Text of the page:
This entrepreneurial journey is tough and rocky, and often longer than anticipated. The key to mastering this journey is adopting the right mindset, where we can discover vast untapped reserves of persistence, grit, and intelligence.
This is especially true for serial entrepreneurship, where your routines, methods, and ideas must work in perfect unison to cater to a series of enterprises.
People like Elon Musk have already discovered the right mindset unleashing a portfolio of incredible startups, with his eyes currently set on the horizons of another planet.
Have you struggled to develop your mindset for entrepreneurship? Have you ever wondered how entrepreneurs can create one successful startup after the next?
Here is a breakdown of crucial mindset adjustments you can effectively leverage along your journey towards serial entrepreneurship.
What is Serial Entrepreneurship?
Serial entrepreneurship is the activity of founding multiple businesses and successfully running them. Serial entrepreneurs use the momentum of their initial success and recycle it into a chain of startups.
Running multiple enterprises may seem science-fiction at a superficial glance. But at the heart of the serial entrepreneur journey lies a rock-solid foundation of mindsets that anyone can adopt and use effectively.
The following core mindsets can give you a boost at any stage of your entrepreneurial journey but are key when it comes to running multiple ventures.
How to Run Multiple Business Ventures
1. Divide and Conquer Your Ventures
Elon Musk’s entrepreneurial accomplishments can seem superhuman or magical to many. In the aggregate, it certainly is. However, if you break down each accomplishment into smaller and smaller steps, at the very core, you will find tiny bits of actionable, doable tasks. Only in the aggregate does it seem super-human.
Here’s a wild analogy: Have you ever watched breakdancers perform at the RedBull BC One competition? The incredible athletic performances seem nothing short of super-human. Words simply don’t serve justice to the athletic performances of these athletes, so it’s best to give it a quick view.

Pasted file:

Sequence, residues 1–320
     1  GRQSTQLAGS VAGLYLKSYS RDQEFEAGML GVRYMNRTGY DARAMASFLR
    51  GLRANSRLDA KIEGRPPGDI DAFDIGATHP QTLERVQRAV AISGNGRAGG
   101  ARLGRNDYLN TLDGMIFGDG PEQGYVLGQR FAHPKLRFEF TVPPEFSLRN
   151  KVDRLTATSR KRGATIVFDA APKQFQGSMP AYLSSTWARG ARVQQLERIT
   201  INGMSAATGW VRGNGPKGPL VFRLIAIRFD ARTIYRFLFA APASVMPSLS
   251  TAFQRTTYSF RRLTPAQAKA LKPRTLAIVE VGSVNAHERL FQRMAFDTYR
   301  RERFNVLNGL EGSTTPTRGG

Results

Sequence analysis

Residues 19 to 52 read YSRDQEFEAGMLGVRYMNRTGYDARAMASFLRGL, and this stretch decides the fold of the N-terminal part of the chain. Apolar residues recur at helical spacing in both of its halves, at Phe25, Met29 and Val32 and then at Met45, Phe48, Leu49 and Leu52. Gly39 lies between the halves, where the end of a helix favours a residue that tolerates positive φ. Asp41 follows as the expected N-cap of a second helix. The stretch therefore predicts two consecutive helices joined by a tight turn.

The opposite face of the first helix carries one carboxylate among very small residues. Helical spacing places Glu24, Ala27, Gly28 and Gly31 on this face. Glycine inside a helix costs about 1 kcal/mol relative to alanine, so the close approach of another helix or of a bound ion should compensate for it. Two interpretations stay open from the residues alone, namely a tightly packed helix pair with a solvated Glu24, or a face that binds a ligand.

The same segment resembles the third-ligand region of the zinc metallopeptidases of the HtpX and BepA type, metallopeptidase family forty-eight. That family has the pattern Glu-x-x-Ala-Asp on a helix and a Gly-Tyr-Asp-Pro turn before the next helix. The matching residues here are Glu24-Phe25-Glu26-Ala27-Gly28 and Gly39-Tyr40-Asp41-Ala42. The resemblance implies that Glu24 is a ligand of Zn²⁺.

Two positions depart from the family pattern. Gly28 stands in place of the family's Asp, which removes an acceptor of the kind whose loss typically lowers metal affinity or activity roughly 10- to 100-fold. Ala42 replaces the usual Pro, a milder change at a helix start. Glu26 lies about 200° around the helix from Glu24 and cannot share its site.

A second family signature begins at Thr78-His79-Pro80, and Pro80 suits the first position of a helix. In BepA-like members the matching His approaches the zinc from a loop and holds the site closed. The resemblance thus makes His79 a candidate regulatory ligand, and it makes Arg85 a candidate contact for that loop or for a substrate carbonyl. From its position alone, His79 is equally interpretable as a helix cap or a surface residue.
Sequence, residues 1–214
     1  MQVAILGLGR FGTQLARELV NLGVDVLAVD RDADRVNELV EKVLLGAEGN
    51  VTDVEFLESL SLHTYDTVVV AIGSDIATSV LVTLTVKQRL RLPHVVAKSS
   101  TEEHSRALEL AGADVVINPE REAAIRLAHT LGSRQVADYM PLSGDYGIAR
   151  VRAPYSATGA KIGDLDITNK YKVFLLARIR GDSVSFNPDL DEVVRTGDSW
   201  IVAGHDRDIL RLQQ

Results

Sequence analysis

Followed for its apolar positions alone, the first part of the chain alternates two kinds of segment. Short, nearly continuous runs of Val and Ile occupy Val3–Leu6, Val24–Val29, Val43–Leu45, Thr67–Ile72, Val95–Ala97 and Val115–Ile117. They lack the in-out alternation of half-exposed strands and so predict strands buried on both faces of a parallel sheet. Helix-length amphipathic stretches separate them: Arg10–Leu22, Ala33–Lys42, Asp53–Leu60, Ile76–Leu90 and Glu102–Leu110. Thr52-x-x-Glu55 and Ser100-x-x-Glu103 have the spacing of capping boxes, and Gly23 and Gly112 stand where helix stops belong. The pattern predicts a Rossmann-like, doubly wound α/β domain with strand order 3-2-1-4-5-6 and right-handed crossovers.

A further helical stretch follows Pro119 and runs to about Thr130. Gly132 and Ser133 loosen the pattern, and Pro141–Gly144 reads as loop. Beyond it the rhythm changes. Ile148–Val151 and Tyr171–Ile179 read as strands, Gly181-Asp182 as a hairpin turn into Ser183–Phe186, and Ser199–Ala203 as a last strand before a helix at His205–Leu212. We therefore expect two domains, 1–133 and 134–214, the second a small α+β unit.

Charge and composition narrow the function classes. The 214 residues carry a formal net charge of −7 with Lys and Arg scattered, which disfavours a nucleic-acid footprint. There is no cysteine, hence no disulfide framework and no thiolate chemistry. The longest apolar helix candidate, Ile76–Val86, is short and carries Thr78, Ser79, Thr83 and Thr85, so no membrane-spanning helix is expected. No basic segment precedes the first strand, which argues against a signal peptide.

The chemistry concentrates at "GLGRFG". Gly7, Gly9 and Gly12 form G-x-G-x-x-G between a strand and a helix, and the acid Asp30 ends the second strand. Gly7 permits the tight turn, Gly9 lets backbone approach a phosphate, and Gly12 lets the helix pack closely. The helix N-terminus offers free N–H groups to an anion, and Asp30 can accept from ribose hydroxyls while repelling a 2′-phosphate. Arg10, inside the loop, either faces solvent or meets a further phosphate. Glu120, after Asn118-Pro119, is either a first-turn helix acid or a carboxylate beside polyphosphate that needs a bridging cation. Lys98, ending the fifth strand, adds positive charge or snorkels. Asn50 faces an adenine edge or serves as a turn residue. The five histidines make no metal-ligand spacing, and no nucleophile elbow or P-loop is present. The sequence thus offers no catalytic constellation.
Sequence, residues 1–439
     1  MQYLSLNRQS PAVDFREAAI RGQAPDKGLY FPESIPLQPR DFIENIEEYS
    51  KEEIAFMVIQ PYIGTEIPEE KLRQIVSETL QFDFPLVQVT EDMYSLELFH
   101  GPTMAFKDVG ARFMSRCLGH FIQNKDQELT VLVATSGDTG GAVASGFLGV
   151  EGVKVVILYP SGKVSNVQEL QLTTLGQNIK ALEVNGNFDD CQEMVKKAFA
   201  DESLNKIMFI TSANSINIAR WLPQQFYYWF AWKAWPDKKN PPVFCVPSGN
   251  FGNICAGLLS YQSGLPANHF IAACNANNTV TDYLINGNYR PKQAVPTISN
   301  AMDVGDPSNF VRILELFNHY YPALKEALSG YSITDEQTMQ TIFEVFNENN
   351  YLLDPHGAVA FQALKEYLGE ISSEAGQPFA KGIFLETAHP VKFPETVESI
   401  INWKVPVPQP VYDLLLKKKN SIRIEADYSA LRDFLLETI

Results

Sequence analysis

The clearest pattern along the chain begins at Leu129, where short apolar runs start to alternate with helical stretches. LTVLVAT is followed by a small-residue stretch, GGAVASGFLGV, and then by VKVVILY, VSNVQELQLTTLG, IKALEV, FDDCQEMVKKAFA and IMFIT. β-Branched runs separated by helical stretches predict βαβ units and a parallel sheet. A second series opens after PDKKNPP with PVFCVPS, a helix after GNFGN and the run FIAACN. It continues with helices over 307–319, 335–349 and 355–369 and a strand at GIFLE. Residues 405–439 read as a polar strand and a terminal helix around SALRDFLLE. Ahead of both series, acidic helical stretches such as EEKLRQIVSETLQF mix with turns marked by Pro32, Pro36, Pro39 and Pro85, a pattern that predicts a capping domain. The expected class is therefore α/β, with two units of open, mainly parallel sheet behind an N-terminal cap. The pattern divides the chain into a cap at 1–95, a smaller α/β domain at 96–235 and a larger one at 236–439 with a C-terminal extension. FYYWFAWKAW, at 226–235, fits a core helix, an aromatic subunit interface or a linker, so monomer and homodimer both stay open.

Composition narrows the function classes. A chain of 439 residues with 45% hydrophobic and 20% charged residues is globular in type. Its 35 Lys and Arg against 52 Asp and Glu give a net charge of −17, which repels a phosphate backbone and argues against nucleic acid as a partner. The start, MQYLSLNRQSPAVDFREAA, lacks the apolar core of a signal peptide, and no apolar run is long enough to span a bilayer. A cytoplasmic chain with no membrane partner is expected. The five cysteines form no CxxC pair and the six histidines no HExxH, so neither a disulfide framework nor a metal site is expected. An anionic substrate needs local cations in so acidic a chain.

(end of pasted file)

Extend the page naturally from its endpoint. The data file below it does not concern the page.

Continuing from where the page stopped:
Each performance is a giant mix of specific power moves – flares, air-flares, windmills, and air-chairs, to name a few – each has a step-by-step guide to mastering the move.
With the right mindset, discipline, and genetic luck, one can conquer move by move to create a true breakdancing work of art. You can apply this analogy to practically any stage of your entrepreneurial journey, whether you are solving complex problems within a single entrepreneurial endeavor or managing the complexities of multiple startups.
Using the Divide and Conquer engineering approach allows one to better understand what it takes to solve problems as the smaller, doable tasks are easier for the mind to process.
This tactic is a game changer for serial entrepreneurs. It allows them to tackle big problems with confidence as they understand what looks scary is just hard work.
2. Failing Into Serial Entrepreneurship
Serial entrepreneurs hold an impressive portfolio of successful ventures. However, focusing solely on the successes can distract one from the most valuable moments in their successful journey, the failures. Certainly, we should use our intelligence and intuition to avoid misfortune where we can, however, and paradoxically so, we should embrace moments of failure with great care and attention.
Jewish philosophy states that pain invites wisdom that one cannot achieve otherwise, and this is certainly true.
“Pain and suffering are opportunities to challenge the way we look at life. When things are going well, we tend to take life for granted, but trauma brings us to the edges of life, allowing us to view it from a new, revealing angle.”
In the bizarre world of entrepreneurship, this is exceptionally true. The relationship between success and failure is not mutually exclusive but beautifully symbiotic. Your wins will bring you to new horizons where the failure of some sort is a statistical certainty. And your failures will serve as a time for introspection and growth in preparation for that next right moment. When it arrives, you can leverage that newfound growth to take you to heights that were impossible prior.
Failure forces us to do what we naturally avoid, which leads us to introspection, reflection, and becoming wiser for the next opportunity that awaits. Those who shy away from introspection and don’t harness the incredible power of failure sever their ability to see beyond their current horizons.
In the world of entrepreneurship, the prospect of failure comes with the territory. It is estimated that over half of new businesses fail in the first five years, and two out of three last less than a decade.  The aim here should be to keep failures short and sweet, and mitigate long-term damage. When they do happen, it’s important to craft the perfect balance between swimming in the pain and knowing when it’s time to look forward.